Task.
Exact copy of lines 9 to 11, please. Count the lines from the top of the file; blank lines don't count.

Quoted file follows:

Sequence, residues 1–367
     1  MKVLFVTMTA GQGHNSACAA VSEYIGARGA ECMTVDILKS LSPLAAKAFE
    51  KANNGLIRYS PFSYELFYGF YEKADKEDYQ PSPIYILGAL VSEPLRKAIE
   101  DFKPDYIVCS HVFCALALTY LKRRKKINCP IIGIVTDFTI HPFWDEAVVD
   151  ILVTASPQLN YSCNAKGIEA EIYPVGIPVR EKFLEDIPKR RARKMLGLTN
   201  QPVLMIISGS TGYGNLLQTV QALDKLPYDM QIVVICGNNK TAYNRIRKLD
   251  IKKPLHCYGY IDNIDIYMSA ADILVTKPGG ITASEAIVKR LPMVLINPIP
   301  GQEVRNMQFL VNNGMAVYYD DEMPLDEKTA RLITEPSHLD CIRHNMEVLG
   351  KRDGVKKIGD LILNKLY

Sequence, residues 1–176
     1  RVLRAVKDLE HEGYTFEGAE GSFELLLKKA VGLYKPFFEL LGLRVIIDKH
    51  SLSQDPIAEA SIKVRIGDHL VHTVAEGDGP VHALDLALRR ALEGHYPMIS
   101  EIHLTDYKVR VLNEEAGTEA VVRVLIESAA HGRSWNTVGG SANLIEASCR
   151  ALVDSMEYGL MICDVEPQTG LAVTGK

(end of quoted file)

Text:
   351  KRDGVKKIGD LILNKLY

Sequence, residues 1–176
     1  RVLRAVKDLE HEGYTFEGAE GSFELLLKKA VGLYKPFFEL LGLRVIIDKH